“Mother Confessor to Millions,” Times-Picayune New Orleans States Magazine, 5 May 1946, pp. 6-7

MAJOR POSITIONS HELD:

Reporter and columnist, New Orleans Picayune, 1894-1901

New York Journal, 1901-1916

Wheeler Syndicate, 1916-1923

Ledger Syndicate, 1923-1942

Bell Syndicate, 1942-1949

Scope and Content Notes

The Dorothy Dix Collection is a special collection about a local writer with an international reputation.  Due to the foresight of former Austin Peay State University head librarian, Ms. Johnnie Givens, who believed that a potential wealth of research materials could be found in homes of families and friends of regional writers in her service area, the acquired collection meets an objective in developing materials important to its region and is closely linked to those found in other collections.

 Although there are several libraries with collections containing information on Miss Dix, the largest such collection is housed in the F. G. Woodward Library.  The collection, culled from the A. Huntington Patch materials, was donated to the Library by the Patch family of Asheville, North Carolina, a favored nephew of Dix.  Huntington’s mother, Mary Patch, was the sister of Dorothy Dix.

The collection has been added to and is now broader in content and holds approximately 1,500 items:  personal letters, scrapbooks and journals from her many travels, copies of all her books, personal mementoes, photographs, and mostly newspaper clippings of her writings.  The collection is organized into fifteen major categories with each category separated into subheadings.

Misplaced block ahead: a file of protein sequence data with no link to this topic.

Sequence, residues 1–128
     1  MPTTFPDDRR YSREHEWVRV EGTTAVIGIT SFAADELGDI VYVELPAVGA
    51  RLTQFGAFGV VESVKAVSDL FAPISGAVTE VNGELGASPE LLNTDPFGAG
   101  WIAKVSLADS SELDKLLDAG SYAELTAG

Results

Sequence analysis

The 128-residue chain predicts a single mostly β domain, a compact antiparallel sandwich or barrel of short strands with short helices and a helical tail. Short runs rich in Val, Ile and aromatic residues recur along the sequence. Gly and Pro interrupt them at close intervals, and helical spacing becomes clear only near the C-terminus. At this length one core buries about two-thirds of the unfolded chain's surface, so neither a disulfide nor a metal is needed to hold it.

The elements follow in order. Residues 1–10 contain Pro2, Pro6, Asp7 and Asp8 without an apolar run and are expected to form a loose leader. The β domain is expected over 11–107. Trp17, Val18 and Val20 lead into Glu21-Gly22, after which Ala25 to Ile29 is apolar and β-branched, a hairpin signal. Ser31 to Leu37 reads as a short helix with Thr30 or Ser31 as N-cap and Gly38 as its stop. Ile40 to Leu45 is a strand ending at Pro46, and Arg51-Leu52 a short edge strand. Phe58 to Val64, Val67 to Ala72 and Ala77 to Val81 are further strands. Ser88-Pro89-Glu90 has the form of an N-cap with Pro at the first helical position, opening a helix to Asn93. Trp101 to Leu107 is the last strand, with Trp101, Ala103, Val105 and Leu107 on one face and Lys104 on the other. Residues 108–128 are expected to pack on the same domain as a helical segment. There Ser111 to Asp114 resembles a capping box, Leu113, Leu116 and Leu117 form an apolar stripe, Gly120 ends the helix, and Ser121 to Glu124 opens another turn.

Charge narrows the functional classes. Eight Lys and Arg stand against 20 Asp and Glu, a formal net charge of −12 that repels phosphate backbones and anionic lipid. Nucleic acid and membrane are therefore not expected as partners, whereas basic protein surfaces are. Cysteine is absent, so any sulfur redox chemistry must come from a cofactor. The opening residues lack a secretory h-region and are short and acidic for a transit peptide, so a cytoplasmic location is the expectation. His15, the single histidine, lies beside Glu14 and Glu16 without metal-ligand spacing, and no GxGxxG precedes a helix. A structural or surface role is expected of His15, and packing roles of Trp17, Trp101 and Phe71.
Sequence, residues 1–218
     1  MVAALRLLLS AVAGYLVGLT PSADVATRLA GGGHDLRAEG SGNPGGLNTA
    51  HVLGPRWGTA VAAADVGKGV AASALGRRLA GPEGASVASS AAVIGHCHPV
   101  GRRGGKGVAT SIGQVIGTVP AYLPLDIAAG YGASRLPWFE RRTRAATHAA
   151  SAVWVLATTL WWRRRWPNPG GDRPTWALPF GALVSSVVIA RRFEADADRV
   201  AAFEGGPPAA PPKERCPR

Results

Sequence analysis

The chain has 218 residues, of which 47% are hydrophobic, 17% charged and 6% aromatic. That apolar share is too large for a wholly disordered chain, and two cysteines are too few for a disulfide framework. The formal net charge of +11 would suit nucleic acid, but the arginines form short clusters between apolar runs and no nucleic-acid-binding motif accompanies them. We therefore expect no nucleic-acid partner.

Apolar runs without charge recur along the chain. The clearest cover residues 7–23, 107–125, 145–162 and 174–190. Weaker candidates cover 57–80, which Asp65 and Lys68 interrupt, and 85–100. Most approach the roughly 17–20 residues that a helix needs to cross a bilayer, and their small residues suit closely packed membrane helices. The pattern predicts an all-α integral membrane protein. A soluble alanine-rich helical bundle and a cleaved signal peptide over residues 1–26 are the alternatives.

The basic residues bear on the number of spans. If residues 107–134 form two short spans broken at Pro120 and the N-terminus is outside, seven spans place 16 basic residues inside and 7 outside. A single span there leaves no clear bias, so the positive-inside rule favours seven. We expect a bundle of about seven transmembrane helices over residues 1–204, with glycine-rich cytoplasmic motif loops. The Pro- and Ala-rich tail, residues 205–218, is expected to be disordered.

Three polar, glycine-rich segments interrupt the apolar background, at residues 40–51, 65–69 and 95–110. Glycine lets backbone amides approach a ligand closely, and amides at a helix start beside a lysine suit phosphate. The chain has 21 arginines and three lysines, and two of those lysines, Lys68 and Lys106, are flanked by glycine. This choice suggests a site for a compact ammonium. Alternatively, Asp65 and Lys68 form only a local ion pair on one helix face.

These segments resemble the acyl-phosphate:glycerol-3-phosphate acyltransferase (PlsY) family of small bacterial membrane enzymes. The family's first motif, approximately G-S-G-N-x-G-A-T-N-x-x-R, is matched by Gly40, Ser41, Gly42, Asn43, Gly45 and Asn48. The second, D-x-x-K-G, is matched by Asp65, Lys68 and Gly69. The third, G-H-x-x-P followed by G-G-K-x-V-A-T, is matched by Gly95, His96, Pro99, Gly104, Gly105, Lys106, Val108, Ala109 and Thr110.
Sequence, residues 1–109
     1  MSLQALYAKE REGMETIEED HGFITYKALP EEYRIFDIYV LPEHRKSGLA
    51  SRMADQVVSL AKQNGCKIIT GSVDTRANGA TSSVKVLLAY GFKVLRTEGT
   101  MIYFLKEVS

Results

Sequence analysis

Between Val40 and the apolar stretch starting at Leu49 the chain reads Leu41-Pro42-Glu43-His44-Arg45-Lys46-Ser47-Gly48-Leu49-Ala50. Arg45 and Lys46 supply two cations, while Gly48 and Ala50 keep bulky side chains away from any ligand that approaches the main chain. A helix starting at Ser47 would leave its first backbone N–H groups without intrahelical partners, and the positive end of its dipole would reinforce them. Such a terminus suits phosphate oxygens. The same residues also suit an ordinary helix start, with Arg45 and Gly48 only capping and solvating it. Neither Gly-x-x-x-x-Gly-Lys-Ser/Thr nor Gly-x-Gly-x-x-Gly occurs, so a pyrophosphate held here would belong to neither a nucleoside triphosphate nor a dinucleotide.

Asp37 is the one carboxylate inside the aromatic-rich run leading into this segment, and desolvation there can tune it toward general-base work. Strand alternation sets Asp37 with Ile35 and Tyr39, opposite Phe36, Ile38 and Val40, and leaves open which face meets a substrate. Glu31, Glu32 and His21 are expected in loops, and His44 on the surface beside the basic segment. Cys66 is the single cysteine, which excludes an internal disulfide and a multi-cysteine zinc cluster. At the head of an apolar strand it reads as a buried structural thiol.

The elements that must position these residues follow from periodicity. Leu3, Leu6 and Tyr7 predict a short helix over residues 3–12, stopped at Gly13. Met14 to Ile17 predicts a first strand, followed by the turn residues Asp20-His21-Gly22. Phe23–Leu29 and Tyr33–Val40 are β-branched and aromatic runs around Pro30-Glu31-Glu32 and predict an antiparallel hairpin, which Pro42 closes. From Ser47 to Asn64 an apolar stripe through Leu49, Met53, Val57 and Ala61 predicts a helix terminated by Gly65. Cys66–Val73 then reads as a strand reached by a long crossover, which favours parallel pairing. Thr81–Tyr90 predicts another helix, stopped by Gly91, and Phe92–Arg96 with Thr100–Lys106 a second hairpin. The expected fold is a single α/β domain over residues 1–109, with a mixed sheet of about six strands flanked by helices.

Researchers need to consult the Research Guide listed below to locate specific items in the collection.  All documents are available in hard copies and on microfilm.  The Dorothy Dix Collection is housed in the Felix G. Woodward Library, Austin Peay State University. 

Box I – Autobiographical (1 folder - 5 items plus her diaries and books)

Box II – Biographical (18 folders – 226 items)

Box III – Writings by Dix (22 folders – 266 items)

Box IV – Writings on the Dix Biography (5 folders – 53 items)

Box V – Writings about Dix’s Work by Journalists and Readers, Short Quotes (2 folders – 99 items)

Box VI – Travel Diaries, Autograph Book and Scrap Books (3 folders – 14 items)

Box VII – Newspaper Career (14 folders – 70 items)

Box VIII – Correspondence (4 folders – 150+ items)

Box IX – Travel (1 folder – 25 items)

Box X – Photographs from Newspapers and Magazines and Newspapers (11 folders – 120+ items)

Box XI – Memorabilia
(1 folder – 32 items)

Box XII – Dorothy Dix Symposium (1 folder – 14 items)

Box XIII – Dix Collection Administration and Procurement
(6 folders54+ items)

Box XIV – Slides of Dix’s Life, the Dorothy Dix Symposium and Woodstock (8 folders – 135 items)
 


Dorothy Dix home page